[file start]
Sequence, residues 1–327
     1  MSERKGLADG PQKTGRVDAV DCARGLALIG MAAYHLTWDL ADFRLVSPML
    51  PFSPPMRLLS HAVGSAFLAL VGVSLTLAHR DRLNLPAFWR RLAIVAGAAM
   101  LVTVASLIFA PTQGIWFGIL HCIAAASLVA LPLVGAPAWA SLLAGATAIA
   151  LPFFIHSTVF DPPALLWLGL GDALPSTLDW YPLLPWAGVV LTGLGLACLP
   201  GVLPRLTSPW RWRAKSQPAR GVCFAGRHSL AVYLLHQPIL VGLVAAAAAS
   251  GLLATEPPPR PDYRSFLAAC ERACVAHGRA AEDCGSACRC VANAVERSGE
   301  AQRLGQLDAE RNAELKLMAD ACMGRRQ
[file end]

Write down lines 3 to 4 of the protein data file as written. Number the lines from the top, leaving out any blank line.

    51  PFSPPMRLLS HAVGSAFLAL VGVSLTLAHR DRLNLPAFWR RLAIVAGAAM
   101  LVTVASLIFA PTQGIWFGIL HCIAAASLVA LPLVGAPAWA SLLAGATAIA